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Topic: tips to protect a motor .  (Read 446 times) previous topic - next topic

amine2

Hello Guys .

i have 5 of this motor :

https://www.amazon.com/gp/product/B0751LTRF3/ref=ox_sc_act_title_3?smid=A31G33MT63S07E&psc=1

and i am working on a project that calls for exactly 5 motors . and due to our limited resources here , we can't order more . if we would they won't come , that's why i am looking for tips for me not to burn it or break the gear box .

to control the motors i will be using the L293D chip , the voltage input for the entire circuit will be a 12V DC , 3A  jack (standard) , the circuit has 5 motors and an Atmega328 .

1) -is it true that it's useful to use 5 seperate voltage regulators for the Arduino and each of the motors ?

2) -is it true that driving current through the motor when the shaft is fixed can break the gear box ? (i am asking for this because i am planning to detect the motor getting to it's maximal position by it stopping (the encoder signaling a stop) while the current is still supplied to the motor .

3) - most of the time the motors will undergo maximal load that would get them to just stop while the current is still supplied to them , is that risky ?

4) - the motors might be forced to turn when no current is supplied to them , i heard that that might generate some electrical current , is there anyway i might be able to protect the circuit from that ?


please pardon me for being such an ignorant .
it's all about the melons .

MorganS

1) No. Usually you don't want to use a voltage regulator on a motor. It just burns up a lot of power in the regulator.

These motors will run just fine on 12V, so long as you never set analogWrite() to more than 128. You may even be able to go higher with no problems.

2) Probably not. Usually you would expect that the designer has put together a gearbox that is just a little bit stronger than the motor.

I would be careful not to hit the end stops with high speed. The inertia of the motor's little rotor is quite high because it is spinning much faster than the output. When you are testing the limits, keep analogWrite() to small values like 20 or 80.

However long periods of no movement with full power applied to the motor will burn out the motor, even if you stay within the specified 6.0V limit. The motor needs to move to push cool air through the motor and moving also reduces the power heating up the motor because the power is turned into motion instead of heat.

3) Probably not. Particularly if you can detect this and reduce the driving voltage while it's stopped.

4) You can do four things with power generated by the motor:
  1 - feed it back into the battery.
  2 - short-circuit the motor in "braking mode". This will not completely stop a moving motor but the drag produced is very high.
  3 - open-circuit the motor - let the output voltage rise to whatever voltage it will rise to.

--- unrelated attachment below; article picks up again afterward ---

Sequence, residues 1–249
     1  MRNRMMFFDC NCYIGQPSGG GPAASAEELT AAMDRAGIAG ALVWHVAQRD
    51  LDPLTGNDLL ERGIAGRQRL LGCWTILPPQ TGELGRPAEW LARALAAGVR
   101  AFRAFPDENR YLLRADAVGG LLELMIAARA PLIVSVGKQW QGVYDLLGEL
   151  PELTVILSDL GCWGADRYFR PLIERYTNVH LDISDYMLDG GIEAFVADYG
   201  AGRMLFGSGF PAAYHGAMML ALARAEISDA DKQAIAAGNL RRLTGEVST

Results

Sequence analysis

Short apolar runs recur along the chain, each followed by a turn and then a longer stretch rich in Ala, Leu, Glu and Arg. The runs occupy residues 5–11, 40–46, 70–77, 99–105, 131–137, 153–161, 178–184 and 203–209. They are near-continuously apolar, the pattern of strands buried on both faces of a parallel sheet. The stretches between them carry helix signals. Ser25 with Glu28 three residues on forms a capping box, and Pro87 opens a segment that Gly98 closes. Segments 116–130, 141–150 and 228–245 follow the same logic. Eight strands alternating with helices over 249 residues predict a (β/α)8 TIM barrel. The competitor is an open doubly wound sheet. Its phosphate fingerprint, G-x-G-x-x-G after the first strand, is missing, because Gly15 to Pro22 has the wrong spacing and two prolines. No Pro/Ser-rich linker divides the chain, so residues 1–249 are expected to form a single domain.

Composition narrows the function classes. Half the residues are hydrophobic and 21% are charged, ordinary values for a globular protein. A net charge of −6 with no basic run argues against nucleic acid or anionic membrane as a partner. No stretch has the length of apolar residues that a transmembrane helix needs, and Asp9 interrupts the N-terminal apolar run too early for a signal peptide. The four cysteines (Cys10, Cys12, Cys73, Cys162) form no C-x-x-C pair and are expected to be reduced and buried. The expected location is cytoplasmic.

4 - any combination of the above 3.

I don't know exactly which motor driver you have, but it likely has protection diodes which mean it will do a combination of 3 and 1. If the motor generates voltage less than the power supply voltage, it will behave like 3. If that voltage rises above the power supply, it will be 'clamped' to the power supply voltage by directing the excess current back into the power supply.

As a fun experiment, take one of your motors and turn the shaft by hand. Easy? Now connect a short wire across the motor terminals. Suddenly it is much harder to turn. This is 'braking mode'. A good motor controller will let you switch this on and off, to control how quickly the motor comes to a stop.
"The problem is in the code you didn't post."

amine2

thank you very much Sir , i highly appreciate that .
i am your 1000th Karma giver :D it's a mile-stone .
it's all about the melons .

amine2

1) No. Usually you don't want to use a voltage regulator on a motor. It just burns up a lot of power in the regulator.

just one more thing , i am sorry if i am being a pain .. but wouldn't there be a problem if the motors are not isolated from the Arduino ? after all the arduino and the motors are both drawing current from the same power supply , if the motors go under heavy load , wouldn't they take the power away from the atmega ? (i am sorry if it's a stupid question)
it's all about the melons .

MorganS

Thanks. It takes a long time to get that many points.

The Arduino isn't directly powered from the 12V input. There's a regulator to step the power down to 5V. So long as the input is above the regulator's dropout voltage the 5V line will never know there's anything wrong.

Of course no existing regulator is perfect. Changes in the 12V input will cause noise on the 5V power. Usually it's never enough to cause a problem.
"The problem is in the code you didn't post."

amine2

Thanks. It takes a long time to get that many points.

The Arduino isn't directly powered from the 12V input. There's a regulator to step the power down to 5V. So long as the input is above the regulator's dropout voltage the 5V line will never know there's anything wrong.

Of course no existing regulator is perfect. Changes in the 12V input will cause noise on the 5V power. Usually it's never enough to cause a problem.
thank you very much Sir , i highly appreciate you giving me a snippet from your time , you have my most sincere gratitude and prayers and yet one more karma point .
it's all about the melons .

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